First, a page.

The much-anticipated second issue of J Bee’s Femme À Barbe is finally here! This issue contains contribu- tions of art and writing on the topic of body hair (facial hair to be more specific – the French title translates to Bearded Lady). Sari of perzine You’ve Got A Friend In Pennsylvania and feminist comp zine Hoax, writes about their history with body hair, from being encouraged to shave as a pre-teen and eventually quitting but always having troubles with facial hair – and their mother’s treatment of it. Bastian Fox Phelan writes about the reactions to their first zine on the topic, Ladybeard, and others write about facial hair in relation to transitioning, to racist beauty ideals and to privilege. Really great comp zine.
Femme À Barbe #3 / $1.00 / 35g
“Dare to imagine a world full of women with beards and other gender outlaws, to imagine the possibilities of a feminist cultural politic that rejects the bullshit concern that feminism appear normal, a queer cultural politic that rejects the mainstream gay desire to assimilate and consume. Make a spectacle of yourself. Join the femme à barbe insurgency!” This issue contains pieces by Jessie Dress, Sam Ectoplasm, Dalice Malice and more.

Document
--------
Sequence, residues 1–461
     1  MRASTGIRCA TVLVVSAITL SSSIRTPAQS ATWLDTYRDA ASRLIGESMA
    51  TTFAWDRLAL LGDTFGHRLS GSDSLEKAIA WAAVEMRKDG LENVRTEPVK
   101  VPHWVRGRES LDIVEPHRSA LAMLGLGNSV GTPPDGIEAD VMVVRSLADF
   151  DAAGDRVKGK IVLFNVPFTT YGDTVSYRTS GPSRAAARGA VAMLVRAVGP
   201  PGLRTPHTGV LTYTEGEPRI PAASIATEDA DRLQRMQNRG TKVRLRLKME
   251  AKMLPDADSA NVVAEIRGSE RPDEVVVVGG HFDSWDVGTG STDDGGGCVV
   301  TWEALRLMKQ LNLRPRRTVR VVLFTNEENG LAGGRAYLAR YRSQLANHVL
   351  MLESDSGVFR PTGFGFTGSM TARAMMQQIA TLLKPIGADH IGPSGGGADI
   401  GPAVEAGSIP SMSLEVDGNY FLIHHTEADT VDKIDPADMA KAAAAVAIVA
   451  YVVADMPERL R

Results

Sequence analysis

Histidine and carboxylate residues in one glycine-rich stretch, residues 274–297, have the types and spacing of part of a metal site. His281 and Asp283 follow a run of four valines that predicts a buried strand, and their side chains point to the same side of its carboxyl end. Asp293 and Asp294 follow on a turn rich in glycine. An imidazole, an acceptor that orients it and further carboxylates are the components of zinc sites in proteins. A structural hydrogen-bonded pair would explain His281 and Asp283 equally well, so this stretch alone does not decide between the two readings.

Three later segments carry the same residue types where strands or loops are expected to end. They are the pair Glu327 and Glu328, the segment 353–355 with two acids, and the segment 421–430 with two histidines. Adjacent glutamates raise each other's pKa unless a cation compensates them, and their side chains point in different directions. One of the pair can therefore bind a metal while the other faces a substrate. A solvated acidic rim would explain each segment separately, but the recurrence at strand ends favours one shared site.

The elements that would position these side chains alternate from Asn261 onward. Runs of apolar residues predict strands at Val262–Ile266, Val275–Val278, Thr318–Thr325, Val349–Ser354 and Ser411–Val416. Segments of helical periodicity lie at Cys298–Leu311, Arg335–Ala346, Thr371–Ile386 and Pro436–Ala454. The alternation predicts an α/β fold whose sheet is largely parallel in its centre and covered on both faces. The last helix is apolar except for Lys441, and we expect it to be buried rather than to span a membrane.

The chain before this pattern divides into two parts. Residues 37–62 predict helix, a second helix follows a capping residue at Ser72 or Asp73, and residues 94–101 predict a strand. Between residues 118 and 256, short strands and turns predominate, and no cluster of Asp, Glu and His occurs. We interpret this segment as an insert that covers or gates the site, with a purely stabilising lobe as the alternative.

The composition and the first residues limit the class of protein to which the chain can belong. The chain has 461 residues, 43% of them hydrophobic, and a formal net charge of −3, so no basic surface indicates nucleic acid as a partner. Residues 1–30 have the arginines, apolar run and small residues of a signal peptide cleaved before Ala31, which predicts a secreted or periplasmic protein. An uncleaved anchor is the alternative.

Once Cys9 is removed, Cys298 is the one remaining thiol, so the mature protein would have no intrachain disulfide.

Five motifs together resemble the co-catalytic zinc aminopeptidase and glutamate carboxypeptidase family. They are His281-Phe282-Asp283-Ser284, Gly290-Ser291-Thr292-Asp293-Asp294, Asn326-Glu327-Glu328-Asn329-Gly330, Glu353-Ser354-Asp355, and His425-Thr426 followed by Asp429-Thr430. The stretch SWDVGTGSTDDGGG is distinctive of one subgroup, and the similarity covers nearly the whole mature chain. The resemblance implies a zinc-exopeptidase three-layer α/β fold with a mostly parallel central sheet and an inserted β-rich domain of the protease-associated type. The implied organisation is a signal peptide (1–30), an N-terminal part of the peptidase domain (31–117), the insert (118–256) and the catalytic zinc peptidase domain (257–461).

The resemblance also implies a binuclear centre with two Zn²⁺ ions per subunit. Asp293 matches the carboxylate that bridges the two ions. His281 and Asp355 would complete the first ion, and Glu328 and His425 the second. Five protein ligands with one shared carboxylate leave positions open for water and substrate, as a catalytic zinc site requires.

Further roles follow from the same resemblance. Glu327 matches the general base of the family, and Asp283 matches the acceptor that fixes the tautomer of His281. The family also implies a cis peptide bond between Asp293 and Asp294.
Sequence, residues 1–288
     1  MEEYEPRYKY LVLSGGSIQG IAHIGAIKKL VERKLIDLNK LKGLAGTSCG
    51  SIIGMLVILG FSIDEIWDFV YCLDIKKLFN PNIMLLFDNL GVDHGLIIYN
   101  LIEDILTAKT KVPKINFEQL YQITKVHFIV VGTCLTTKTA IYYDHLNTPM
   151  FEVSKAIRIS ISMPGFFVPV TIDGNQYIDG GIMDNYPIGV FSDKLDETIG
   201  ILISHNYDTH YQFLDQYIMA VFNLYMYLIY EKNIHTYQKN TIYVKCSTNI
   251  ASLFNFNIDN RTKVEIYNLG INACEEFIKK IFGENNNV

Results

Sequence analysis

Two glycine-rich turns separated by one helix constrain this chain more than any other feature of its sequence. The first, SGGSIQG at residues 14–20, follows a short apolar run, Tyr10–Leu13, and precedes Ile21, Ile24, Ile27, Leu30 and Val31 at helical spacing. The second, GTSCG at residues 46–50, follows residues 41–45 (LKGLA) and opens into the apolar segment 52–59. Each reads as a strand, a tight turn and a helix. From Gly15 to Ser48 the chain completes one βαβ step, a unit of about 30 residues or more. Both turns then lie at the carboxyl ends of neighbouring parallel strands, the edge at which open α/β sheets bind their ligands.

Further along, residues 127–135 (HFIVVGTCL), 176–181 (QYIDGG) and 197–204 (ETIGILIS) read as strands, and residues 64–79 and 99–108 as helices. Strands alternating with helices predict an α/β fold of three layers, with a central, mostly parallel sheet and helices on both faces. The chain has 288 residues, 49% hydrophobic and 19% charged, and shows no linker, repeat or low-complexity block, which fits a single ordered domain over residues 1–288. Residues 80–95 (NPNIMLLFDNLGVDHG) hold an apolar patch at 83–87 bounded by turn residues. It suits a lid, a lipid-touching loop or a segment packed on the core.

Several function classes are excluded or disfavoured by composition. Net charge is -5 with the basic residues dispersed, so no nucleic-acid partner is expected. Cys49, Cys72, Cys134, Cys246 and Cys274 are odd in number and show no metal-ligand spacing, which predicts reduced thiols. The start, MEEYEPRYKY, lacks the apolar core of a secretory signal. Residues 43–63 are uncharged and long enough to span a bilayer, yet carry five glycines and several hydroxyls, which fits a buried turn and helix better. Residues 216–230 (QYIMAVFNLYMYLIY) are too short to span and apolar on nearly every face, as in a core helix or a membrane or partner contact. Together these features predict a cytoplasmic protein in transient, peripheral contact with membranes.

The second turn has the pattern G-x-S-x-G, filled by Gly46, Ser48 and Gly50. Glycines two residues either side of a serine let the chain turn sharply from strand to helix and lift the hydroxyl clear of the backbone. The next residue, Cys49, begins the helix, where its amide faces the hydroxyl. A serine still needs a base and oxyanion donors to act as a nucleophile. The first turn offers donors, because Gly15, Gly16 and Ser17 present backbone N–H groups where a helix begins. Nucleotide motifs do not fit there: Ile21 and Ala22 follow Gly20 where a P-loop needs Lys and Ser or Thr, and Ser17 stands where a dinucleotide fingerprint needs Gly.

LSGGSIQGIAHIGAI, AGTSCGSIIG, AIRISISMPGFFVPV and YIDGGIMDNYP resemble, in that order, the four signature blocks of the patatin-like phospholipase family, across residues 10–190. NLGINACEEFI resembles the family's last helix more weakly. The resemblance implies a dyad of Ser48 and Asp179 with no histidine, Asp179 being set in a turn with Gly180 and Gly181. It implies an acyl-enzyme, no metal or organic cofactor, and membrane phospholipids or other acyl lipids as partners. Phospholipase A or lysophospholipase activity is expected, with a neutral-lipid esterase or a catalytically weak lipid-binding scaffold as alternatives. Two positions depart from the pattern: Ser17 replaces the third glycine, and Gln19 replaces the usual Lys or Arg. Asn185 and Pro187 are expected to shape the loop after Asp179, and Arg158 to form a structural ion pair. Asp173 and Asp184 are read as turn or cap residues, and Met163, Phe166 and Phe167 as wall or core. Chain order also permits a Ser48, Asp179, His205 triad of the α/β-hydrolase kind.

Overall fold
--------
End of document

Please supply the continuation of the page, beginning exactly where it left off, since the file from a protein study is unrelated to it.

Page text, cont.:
Fergus #30 / Sour Puss #8 / $1.00 / 25g
This is a split zine on the theme of food; one half by Fergus, an omnivore, and the other half by Tee, a vegan who has medical issues that limit the sorts of food she’s able to consume. Each of them kept a food diary for a week, so what we get is an example of the kinda meals they typically eat, filled with stories of the day and memories around food. The side by Fergus sees her at the coffee shop at 6:30 every morning, musing on what it’s like to be a ‘regular’ – in that place where the barista fills your order before you’ve said it aloud, which can be lovely but also strips the writer of the anonymity she desires. She writes about airport food, her newfound interest in vegemite, having her home broken into, and a visit to the Melbourne Anarchist Bookfair. Tee writes a lot about childhood and teenage memories around food, the old fear of eating in front of people, and cooking meals for her family. She includes fun vegan recipes for all kindsa stuff, including burritos, basic scrambled tofu, pancakes, banana bread and more. She also recommends really excellent pizza topping combos, like pumpkin and spinach, and caramelized onion, mushroom and artichoke. Yum!
Filling The Void: Interviews About Quitting Drinking & Using / $5.00 / 100g
This is one hefty zine – nearly sixty half-legal size pages. It was compiled by Cindy Crabb of Doris and her sister Caty, and contains interviews with eight different people about their experiences quitting drinking (and using drugs, in some cases). I read it over the course of several days (I recently quit drinking as well), and found much hope and inspiration in the words of others. It was really nice to recognize myself in these words and feel less alone. You can watch my video review of this zine here.
Finale 95 #1 / $2.00 / 20g